- J - Labor and Demographic Economics
You can help add them by filling out this form.
CitEc Project, subscribe to its RSS feed for this item.
- Roland Benabou & Jean Tirole, 2000.
"Self-Confidence and Social Interactions,"
NBER Working Papers
7585, National Bureau of Economic Research, Inc.
- R. Benabou & J. Tirole, 1999. "Self-Confidence and Social Interactions," Princeton Economic Theory Papers 00s2, Economics Department, Princeton University.
- Benabou, R. & Tirole, J., 2000. "Self-Confidence and Social Interactions," Papers 210, Princeton, Woodrow Wilson School - Public and International Affairs.
- O'Donoghue, Ted & Rabin, Matthew, 2012.
"Procrastination on Long-Term Projects,"
Department of Economics, Working Paper Series
qt5zb60651, Department of Economics, Institute for Business and Economic Research, UC Berkeley.
- Ted O'Donoghue & Matthew Rabin, 2003. "Procrastination on Long-Term Projects," Method and Hist of Econ Thought 0303003, EconWPA.
- O'Donoghue, Ted & Rabin, Matthew, 2002. "Procrastination on Long-Term Projects," Department of Economics, Working Paper Series qt5jv059fq, Department of Economics, Institute for Business and Economic Research, UC Berkeley.
- O'Donoghue, Ted & Rabin, Matthew, 2002. "Procrastination on Long-Term Projects," Working Papers 02-09, Cornell University, Center for Analytic Economics.
- O'Donoghue, Ted & Rabin, Matthew, 2002. "Procrastination on Long-Term Projects," Department of Economics, Working Paper Series qt1bz181nv, Department of Economics, Institute for Business and Economic Research, UC Berkeley.
- Isabelle Brocas & Juan D. Carrillo, 2005. "Biases in Perceptions, Beliefs and Behavior," Levine's Bibliography 172782000000000063, UCLA Department of Economics.
- Brocas, Isabelle & Carrillo, Juan D, 2002. "Are We All Better Drivers than Average? Self-Perception and Biased Behaviour," CEPR Discussion Papers 3603, C.E.P.R. Discussion Papers.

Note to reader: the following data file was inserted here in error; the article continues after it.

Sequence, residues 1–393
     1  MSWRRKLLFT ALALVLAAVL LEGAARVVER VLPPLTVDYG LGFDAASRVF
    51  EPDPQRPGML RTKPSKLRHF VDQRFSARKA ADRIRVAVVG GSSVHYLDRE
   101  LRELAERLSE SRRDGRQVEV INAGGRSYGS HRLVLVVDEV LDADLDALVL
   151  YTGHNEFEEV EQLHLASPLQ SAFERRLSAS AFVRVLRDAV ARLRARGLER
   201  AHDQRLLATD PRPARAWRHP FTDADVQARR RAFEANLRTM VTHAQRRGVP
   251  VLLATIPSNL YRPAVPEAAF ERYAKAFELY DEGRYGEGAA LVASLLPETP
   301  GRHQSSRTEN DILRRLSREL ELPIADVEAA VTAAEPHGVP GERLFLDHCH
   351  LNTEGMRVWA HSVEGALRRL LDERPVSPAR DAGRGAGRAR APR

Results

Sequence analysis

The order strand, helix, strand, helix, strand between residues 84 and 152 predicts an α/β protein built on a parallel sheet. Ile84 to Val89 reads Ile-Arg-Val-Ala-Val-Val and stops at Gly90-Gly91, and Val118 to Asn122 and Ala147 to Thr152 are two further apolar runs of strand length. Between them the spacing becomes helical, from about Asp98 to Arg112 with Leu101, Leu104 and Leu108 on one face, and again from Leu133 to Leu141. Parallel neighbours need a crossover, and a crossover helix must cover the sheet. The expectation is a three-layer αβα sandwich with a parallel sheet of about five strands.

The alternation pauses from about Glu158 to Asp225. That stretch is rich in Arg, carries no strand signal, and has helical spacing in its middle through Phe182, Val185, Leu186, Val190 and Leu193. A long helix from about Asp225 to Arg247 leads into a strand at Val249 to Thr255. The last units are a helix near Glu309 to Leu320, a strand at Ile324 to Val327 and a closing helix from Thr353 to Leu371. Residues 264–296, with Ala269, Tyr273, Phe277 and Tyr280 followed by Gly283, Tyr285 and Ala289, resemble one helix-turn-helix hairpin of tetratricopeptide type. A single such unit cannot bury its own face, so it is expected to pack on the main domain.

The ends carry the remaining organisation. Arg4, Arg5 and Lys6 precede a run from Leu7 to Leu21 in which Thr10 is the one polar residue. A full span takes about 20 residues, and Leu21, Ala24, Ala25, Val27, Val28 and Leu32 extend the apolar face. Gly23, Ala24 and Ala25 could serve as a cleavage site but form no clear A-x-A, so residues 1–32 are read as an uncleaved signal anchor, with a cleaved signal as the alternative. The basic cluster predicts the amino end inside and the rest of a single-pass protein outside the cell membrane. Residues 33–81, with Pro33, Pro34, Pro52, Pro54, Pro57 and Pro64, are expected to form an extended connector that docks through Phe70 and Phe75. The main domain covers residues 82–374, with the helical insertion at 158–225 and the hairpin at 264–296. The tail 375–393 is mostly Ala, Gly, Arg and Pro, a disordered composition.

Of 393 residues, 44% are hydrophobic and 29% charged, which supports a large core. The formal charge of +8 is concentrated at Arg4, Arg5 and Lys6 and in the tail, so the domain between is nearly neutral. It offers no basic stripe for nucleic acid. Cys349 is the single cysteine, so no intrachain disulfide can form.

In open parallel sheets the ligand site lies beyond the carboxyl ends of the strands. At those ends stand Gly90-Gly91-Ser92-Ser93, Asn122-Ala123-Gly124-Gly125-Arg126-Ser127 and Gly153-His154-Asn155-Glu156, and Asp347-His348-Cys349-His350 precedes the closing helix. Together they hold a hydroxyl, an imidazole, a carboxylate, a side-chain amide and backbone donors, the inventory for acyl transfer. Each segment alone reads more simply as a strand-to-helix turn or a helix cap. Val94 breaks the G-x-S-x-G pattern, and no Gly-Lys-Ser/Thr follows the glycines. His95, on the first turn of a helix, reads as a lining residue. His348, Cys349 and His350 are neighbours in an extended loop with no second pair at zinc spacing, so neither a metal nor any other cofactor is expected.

- Christian Gollier & Richard Zeckhauser, 2003.
"Collective Investment Decision Making with Heterogeneous Time Preferences,"
NBER Working Papers
9629, National Bureau of Economic Research, Inc.
- Gollier, Christian & Zeckhauser, Richard, 2003. "Collective Investment Decision Making with Heterogeneous Time Preferences," IDEI Working Papers 198, Institut d'Économie Industrielle (IDEI), Toulouse.
- Christian Gollier & Richard Zeckhauser, 2003. "Collective Investment Decision Making with Heterogeneous Time Preferences," CESifo Working Paper Series 915, CESifo Group Munich.
- Juan D. Carrillo & Mathias Dewatripont, 2005.
"Promises, Promises, ..,"
172782000000000058, UCLA Department of Economics.
- D.Dragone, 2005. "Incoerenza Dinamica ed Autocontrollo: Proposta per un'Analisi Interdisciplinare," Working Papers 549, Dipartimento Scienze Economiche, Universita' di Bologna.
- Carrillo, Juan D & Dewatripont, Mathias, 2001. "Promises, Promises…," CEPR Discussion Papers 2680, C.E.P.R. Discussion Papers.
For technical questions regarding this item, or to correct its authors, title, abstract, bibliographic or download information, contact: (Thomas Krichel).
If references are entirely missing, you can add them using this form.